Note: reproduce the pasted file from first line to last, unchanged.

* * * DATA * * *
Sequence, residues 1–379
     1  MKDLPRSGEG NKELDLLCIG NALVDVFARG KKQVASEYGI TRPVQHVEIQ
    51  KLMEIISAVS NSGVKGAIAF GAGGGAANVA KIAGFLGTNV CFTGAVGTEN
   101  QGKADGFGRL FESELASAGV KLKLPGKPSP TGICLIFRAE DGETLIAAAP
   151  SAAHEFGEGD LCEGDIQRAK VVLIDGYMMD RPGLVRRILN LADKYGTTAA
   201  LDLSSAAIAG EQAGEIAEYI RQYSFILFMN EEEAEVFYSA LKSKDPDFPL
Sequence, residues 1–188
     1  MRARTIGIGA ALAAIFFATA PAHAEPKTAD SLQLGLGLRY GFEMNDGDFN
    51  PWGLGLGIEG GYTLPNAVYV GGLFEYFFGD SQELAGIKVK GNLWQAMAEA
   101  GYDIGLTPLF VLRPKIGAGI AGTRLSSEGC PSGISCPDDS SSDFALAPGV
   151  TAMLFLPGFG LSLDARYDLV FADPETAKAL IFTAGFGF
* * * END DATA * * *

Sequence, residues 1–379
     1  MKDLPRSGEG NKELDLLCIG NALVDVFARG KKQVASEYGI TRPVQHVEIQ
    51  KLMEIISAVS NSGVKGAIAF GAGGGAANVA KIAGFLGTNV CFTGAVGTEN
   101  QGKADGFGRL FESELASAGV KLKLPGKPSP TGICLIFRAE DGETLIAAAP
   151  SAAHEFGEGD LCEGDIQRAK VVLIDGYMMD RPGLVRRILN LADKYGTTAA
   201  LDLSSAAIAG EQAGEIAEYI RQYSFILFMN EEEAEVFYSA LKSKDPDFPL
Sequence, residues 1–188
     1  MRARTIGIGA ALAAIFFATA PAHAEPKTAD SLQLGLGLRY GFEMNDGDFN
    51  PWGLGLGIEG GYTLPNAVYV GGLFEYFFGD SQELAGIKVK GNLWQAMAEA
   101  GYDIGLTPLF VLRPKIGAGI AGTRLSSEGC PSGISCPDDS SSDFALAPGV
   151  TAMLFLPGFG LSLDARYDLV FADPETAKAL IFTAGFGF